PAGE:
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Biomarker predicts medulloblastoma relapse

Memphis, Tennessee, October 21, 2021

Fours researchers walking down a corridor outside and talking to each other.

From left: Kyle Smith, PhD, Developmental Neurobiology; Amar Gajjar, MD, Pediatric Medicine chair; Paul Northcott, PhD, Developmental Neurobiology; and Giles Robinson, MD, Oncology, research was recently published in Cancer Cell. (photo follows CDC guidelines at the time)

Cancer therapy for children often has a fixed number of treatments. This number is based on years of study and experience. However, doctors still do not know the perfect length of time for therapy for every patient. In some patients the cancer returns.

These relapses are sparked by measurable residual disease (MRD). These are the tumor cells that persist during or after therapy but at such low levels they cannot be detected using imaging scans.

St. Jude scientists looked for the tumor cells in cerebrospinal fluid. The samples came from patients in the SJMB03 clinical trial with the brain tumor medulloblastoma. The samples were gathered during  patient care.

The scientists developed a test to look for signals that identify the presence of cell-free DNA from medulloblastoma.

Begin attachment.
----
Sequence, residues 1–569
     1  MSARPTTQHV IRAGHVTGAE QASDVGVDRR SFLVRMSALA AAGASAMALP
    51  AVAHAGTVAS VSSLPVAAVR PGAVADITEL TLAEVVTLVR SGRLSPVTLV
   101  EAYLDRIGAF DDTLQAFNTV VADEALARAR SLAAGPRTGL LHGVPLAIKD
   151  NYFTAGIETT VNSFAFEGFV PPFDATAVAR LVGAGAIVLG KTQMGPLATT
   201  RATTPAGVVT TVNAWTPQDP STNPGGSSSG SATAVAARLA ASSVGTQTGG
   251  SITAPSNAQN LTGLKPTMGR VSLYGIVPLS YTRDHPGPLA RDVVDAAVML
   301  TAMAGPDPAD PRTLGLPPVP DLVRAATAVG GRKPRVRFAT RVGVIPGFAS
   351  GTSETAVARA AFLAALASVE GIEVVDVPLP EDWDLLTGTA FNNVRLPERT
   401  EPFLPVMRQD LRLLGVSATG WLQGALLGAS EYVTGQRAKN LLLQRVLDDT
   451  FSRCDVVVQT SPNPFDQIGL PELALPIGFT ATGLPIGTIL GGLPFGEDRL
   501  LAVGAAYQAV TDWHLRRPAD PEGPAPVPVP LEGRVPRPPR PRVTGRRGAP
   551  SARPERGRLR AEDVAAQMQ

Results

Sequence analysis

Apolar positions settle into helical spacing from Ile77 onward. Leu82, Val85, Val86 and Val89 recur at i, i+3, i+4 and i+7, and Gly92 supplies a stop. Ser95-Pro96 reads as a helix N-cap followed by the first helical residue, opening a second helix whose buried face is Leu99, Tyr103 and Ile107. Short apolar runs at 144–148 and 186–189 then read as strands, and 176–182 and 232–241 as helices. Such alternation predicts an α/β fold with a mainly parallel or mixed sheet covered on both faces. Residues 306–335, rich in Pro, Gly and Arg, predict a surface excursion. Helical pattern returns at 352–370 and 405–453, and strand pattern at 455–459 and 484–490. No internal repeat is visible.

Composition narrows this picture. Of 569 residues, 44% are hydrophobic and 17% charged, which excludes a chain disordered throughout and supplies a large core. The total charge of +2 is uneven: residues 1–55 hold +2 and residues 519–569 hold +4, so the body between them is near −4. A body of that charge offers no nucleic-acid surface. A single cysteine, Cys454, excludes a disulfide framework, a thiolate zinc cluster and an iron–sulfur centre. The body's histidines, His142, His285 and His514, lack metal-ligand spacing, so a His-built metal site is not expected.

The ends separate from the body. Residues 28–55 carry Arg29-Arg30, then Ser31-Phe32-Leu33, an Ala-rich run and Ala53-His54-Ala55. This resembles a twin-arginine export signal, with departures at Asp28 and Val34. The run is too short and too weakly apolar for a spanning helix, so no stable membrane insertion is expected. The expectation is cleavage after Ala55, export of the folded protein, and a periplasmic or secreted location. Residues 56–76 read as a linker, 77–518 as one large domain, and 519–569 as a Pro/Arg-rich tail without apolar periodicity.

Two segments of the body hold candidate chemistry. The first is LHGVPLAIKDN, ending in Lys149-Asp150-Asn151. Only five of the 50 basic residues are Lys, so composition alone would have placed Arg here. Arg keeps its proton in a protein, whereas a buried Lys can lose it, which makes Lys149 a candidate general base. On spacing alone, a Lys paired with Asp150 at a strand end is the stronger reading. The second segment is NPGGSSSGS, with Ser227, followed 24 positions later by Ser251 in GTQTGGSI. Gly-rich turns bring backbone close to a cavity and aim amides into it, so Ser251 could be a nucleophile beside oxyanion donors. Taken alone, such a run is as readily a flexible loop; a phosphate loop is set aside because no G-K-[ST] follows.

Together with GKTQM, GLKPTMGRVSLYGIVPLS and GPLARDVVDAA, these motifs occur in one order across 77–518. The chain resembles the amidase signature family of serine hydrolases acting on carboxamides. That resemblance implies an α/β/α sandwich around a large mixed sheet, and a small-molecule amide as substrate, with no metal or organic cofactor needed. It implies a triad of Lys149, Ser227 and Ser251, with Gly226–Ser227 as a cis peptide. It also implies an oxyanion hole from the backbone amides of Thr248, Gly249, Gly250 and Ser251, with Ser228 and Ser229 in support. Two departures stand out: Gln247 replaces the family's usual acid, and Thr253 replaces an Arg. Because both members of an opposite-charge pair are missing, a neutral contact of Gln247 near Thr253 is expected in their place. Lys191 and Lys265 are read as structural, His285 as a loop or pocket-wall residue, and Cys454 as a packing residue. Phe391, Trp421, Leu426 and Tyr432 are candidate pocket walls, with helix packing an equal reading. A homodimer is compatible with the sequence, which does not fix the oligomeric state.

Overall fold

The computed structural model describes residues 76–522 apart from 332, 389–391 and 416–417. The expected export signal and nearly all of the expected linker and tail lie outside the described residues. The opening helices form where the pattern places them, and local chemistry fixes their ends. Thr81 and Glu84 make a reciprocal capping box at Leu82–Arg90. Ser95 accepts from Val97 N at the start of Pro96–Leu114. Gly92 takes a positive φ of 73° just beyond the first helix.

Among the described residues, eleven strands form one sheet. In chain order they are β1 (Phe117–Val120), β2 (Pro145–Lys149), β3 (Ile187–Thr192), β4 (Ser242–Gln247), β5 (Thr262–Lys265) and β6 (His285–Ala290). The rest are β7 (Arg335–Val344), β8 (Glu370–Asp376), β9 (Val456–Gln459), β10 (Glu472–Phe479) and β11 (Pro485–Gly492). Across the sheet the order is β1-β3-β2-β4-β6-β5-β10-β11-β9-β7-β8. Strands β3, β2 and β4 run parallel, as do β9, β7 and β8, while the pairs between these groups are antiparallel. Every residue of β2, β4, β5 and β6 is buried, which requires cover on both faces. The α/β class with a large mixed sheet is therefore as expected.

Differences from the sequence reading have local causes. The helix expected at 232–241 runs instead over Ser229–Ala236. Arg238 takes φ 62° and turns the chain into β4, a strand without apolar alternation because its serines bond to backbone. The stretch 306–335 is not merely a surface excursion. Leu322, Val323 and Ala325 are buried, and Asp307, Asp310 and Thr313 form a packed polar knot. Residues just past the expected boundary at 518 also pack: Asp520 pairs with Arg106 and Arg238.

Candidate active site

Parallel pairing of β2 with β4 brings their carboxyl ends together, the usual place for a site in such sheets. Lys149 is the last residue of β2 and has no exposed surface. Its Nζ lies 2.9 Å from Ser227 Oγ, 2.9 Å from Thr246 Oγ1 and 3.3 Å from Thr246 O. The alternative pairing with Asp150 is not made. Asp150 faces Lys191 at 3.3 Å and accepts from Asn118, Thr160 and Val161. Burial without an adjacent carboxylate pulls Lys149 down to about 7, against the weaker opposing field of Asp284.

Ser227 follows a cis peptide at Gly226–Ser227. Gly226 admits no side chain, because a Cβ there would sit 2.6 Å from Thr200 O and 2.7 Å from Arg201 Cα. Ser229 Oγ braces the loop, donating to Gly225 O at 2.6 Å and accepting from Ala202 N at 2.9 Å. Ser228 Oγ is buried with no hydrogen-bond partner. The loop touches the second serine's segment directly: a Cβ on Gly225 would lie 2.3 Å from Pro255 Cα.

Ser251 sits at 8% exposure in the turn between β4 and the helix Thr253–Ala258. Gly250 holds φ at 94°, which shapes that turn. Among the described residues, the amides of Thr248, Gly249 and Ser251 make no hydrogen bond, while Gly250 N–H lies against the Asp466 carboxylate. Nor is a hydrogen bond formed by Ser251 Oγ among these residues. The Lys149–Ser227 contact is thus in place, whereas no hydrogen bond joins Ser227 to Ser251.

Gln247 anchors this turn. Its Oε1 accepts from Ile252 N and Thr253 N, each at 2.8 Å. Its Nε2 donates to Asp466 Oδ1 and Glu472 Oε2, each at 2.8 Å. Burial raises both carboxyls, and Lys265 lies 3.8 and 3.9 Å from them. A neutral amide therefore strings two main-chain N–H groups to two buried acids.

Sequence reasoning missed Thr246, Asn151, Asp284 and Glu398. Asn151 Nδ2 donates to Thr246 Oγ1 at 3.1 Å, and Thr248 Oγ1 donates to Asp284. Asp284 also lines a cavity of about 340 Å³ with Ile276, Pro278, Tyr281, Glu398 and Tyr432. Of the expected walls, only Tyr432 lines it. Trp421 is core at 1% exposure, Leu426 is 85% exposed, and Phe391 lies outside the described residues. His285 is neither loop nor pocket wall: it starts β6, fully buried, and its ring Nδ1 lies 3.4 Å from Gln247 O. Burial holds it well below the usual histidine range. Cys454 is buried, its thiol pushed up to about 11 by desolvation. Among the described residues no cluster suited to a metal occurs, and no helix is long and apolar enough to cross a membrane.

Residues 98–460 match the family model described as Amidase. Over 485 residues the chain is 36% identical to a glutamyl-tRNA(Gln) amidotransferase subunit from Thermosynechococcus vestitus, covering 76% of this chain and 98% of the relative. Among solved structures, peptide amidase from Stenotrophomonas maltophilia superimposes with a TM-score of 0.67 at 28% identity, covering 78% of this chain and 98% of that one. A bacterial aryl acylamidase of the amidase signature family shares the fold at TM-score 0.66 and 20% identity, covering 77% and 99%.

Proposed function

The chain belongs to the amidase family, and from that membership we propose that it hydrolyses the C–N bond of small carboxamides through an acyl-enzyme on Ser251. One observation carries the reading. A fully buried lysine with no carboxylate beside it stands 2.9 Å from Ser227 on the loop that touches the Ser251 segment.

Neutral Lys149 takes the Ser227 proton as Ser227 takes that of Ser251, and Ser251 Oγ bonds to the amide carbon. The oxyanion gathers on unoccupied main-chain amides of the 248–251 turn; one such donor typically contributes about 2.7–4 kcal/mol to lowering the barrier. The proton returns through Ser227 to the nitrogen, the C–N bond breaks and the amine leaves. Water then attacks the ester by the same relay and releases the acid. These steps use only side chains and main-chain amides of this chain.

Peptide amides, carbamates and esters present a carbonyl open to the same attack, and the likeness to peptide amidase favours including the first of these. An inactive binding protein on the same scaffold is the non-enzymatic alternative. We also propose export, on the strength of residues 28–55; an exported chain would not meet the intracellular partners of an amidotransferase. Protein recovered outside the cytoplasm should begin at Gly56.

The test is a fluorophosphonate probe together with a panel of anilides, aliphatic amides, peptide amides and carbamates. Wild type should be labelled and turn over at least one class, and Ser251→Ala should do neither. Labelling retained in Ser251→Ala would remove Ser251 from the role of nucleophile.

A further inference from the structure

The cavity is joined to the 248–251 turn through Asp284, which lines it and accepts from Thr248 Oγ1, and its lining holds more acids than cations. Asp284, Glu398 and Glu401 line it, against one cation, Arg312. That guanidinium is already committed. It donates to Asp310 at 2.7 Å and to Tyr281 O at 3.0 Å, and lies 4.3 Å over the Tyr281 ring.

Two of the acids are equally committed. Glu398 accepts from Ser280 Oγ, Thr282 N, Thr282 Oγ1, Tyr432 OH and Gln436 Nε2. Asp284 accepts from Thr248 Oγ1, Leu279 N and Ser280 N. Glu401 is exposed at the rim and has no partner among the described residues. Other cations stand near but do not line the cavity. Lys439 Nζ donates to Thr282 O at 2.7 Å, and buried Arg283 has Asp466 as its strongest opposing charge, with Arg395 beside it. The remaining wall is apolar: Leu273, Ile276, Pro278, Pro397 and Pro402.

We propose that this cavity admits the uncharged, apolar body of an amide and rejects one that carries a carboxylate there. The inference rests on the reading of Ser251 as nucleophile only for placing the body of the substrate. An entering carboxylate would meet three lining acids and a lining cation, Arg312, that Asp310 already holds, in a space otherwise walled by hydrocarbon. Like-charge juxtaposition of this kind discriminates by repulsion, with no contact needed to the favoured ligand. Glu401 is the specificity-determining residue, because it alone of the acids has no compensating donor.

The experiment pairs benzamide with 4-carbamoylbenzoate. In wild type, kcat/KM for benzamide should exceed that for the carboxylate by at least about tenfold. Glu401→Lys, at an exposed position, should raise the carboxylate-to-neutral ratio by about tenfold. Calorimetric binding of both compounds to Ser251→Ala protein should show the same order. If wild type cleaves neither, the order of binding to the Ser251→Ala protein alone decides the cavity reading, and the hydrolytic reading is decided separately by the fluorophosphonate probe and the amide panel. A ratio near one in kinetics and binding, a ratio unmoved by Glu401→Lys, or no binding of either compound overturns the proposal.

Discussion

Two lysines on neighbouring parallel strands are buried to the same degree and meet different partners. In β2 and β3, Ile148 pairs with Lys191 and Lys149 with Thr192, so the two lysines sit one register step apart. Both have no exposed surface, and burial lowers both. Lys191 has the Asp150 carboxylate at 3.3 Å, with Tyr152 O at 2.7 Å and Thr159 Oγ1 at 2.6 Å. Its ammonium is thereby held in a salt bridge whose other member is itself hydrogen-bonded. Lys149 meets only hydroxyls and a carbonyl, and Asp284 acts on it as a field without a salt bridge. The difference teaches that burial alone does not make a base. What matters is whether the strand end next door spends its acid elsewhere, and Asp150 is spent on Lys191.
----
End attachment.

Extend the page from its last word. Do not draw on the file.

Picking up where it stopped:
“Through careful scientific testing, we found a way to reliably identify the medulloblastoma-derived cell-free DNA in the cerebrospinal fluid,” said Paul Northcott, PhD, Developmental Neurobiology.

They showed it is possible to find MRD from cerebrospinal fluid samples, indicating a patient was at high risk of relapse.

“With this test, we now know that if there is medulloblastoma cell-free DNA in the cerebrospinal fluid late in therapy or after therapy, then that patient is likely to relapse,” said Giles Robinson, MD, Oncology. “That gives us something we can act on, an opportunity to truly eradicate the disease before it has had a chance to relapse or re-emerge.”

Cancer Cell published this work.

Read the News Release

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